What is marking?
We explore marking, why it matters, and how you can help your team develop this essential skill.
Marking. You've probably heard this mentioned in every football match you've ever watched. It's a vital defensive tactic that prevents the opposing team from gaining possession. There are two types of marking:
- Player-to-player – where a specified player is tracked throughout the match.
- Zonal – where players protect a specific area of the pitch.
You may have noticed most teams use a mixture of these approaches in a match.
Whichever approach you use, marking is a crucial skill to develop as a footballer, both as an individual and as a team. Pressing and compactness all come from marking. How close we mark the opposition or how much space we give them can determine how easy it is for them to penetrate and create goalscoring opportunities.
Marking is all about positioning and where your players place themselves in relation to the ball, each other, and the opposition. For example, when the opposition players are near the goal, players should mark closer, whereas if they are further away from the goal, players may mark at a distance. Your players should use their scanning skills to decide where to move and how to position themselves.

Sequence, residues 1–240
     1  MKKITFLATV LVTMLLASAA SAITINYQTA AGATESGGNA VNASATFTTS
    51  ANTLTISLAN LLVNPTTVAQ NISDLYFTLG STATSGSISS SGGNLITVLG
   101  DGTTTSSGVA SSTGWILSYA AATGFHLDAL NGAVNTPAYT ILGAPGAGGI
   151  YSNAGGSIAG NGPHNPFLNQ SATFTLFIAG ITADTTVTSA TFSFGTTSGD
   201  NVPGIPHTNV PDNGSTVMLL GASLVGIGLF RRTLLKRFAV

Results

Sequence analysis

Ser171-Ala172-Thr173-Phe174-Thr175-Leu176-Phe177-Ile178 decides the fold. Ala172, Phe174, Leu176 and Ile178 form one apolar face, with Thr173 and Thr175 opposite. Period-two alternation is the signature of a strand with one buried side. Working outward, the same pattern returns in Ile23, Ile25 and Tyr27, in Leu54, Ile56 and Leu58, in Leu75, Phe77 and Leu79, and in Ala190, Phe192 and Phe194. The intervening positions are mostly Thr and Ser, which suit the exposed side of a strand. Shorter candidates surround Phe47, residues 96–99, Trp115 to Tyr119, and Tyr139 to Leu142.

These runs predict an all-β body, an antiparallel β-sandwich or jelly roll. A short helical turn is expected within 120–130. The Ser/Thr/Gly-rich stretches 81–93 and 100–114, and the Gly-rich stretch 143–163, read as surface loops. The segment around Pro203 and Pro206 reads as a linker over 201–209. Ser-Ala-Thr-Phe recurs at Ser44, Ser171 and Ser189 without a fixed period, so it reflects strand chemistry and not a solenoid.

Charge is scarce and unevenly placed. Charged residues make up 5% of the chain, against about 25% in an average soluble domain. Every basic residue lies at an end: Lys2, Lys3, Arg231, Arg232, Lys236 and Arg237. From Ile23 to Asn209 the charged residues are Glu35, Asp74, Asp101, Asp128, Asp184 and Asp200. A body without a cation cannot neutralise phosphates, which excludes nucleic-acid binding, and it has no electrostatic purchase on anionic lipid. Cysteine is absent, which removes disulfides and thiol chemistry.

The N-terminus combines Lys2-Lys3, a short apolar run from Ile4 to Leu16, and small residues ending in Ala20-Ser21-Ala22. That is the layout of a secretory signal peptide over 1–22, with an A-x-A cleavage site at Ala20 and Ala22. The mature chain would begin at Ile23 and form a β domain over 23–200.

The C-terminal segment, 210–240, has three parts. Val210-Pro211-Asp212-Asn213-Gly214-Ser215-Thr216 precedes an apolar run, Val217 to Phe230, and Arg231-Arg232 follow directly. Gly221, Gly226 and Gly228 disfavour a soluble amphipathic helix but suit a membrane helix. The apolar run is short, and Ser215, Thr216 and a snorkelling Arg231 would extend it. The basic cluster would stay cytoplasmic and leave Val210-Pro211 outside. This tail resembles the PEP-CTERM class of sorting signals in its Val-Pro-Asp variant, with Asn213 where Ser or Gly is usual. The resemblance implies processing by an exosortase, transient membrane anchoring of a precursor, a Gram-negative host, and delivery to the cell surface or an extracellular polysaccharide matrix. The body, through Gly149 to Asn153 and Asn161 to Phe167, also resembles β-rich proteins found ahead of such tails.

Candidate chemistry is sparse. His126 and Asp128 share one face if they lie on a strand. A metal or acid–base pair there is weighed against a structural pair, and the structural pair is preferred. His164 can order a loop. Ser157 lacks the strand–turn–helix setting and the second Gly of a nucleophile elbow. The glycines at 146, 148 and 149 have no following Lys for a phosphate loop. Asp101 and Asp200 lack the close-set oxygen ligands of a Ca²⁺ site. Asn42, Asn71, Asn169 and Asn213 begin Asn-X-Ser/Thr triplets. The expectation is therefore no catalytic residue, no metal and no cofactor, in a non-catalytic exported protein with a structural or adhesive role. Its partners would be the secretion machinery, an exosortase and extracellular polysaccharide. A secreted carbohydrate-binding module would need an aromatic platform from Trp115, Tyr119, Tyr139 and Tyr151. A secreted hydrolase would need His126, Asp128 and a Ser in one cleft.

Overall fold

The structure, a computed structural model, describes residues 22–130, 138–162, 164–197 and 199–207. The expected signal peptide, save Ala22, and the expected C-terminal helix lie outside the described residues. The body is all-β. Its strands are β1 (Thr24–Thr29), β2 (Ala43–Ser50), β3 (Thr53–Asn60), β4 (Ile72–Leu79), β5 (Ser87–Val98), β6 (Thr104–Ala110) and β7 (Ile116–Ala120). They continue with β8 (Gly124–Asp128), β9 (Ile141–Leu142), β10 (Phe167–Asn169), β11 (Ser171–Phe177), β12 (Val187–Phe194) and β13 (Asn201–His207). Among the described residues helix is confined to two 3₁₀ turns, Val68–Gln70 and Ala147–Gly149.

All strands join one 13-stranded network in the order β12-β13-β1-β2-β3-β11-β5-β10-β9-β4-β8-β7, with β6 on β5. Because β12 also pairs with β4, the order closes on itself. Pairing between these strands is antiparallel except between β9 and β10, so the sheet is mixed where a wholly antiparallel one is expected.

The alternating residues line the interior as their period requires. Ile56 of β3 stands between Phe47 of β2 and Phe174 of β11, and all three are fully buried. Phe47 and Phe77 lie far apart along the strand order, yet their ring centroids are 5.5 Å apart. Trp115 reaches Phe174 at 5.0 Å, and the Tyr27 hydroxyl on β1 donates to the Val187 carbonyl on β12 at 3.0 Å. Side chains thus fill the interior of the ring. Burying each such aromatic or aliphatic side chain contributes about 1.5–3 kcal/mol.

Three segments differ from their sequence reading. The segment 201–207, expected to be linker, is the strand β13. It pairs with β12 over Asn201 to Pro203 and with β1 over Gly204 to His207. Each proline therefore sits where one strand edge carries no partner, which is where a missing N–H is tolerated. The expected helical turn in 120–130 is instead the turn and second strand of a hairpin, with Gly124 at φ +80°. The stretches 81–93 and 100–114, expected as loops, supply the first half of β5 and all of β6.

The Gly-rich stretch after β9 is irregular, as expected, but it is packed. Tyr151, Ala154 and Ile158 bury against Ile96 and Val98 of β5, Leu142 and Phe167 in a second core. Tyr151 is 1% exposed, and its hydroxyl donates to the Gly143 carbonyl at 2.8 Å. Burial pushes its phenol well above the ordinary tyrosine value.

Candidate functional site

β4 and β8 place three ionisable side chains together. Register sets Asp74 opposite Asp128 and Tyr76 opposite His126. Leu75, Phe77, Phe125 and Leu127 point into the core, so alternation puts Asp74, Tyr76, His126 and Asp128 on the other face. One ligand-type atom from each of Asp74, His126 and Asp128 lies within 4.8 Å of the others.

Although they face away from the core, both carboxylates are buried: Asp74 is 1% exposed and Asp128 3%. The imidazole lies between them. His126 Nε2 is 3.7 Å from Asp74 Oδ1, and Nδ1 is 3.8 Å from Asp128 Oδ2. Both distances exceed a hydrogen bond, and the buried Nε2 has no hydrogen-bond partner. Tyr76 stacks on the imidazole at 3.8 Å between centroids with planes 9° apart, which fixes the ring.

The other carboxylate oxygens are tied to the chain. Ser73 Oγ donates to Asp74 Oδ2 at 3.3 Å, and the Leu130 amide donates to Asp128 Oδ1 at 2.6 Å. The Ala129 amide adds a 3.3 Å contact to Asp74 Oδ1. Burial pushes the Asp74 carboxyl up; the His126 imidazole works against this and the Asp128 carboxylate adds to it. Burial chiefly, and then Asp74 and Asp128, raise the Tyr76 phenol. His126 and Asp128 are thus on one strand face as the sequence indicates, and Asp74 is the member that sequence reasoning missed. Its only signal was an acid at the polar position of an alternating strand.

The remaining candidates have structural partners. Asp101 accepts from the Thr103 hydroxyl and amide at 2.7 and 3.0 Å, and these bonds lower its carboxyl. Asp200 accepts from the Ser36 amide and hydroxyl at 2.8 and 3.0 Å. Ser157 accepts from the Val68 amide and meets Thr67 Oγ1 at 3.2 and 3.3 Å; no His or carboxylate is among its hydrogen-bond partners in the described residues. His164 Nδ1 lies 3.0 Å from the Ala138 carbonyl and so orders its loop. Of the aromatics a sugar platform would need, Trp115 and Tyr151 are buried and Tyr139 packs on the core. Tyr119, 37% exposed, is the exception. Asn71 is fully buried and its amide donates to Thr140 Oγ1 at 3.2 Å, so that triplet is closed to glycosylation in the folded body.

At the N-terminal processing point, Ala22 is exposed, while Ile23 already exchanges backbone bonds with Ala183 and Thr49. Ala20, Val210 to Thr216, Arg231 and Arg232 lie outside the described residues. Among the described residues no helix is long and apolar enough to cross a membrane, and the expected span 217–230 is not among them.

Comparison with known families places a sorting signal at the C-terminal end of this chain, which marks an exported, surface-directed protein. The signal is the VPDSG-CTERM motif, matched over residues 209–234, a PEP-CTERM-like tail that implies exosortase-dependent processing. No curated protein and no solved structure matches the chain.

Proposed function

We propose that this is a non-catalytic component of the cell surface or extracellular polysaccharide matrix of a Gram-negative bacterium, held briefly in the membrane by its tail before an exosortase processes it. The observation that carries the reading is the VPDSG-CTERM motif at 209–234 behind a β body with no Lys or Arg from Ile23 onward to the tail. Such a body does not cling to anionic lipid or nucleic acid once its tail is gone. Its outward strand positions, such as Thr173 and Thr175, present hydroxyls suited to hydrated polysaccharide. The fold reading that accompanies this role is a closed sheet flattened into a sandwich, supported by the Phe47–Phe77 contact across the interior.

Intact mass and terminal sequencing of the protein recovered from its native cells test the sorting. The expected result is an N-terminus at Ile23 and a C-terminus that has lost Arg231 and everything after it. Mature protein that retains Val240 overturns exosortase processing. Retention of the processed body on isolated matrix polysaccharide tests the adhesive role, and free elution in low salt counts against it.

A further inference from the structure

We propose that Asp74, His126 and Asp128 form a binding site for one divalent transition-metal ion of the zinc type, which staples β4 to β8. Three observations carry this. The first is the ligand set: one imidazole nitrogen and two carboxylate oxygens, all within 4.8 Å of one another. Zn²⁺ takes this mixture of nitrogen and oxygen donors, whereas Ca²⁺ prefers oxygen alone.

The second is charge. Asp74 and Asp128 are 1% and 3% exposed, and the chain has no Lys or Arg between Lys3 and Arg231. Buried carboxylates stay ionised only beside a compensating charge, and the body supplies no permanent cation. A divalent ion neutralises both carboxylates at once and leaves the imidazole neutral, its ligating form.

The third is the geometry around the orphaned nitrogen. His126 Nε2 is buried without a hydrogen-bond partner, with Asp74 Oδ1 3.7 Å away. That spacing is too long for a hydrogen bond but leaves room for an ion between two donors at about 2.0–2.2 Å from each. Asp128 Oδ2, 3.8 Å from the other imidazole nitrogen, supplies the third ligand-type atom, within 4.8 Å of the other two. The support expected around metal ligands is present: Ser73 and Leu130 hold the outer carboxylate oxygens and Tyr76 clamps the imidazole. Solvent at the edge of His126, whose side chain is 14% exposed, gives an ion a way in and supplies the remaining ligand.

The FA 4 Corner Model is an important consideration when coaching marking skills. The physical and tactical corners play a large part, especially when thinking about the position and movement of players. But you should also consider the psychological corner. Concentration is a big contributor to successful marking, staying alert to different reference points on the pitch. As a team, successfully marking the opposition needs trust and the ability to understand non-verbal cues from teammates. Without it, your players become too easy to read, and the opposition will overrun them.
Make sure your players know that good positioning, timing, and movement can compensate for a physical disadvantage, so it's crucial to consider all four corners in training.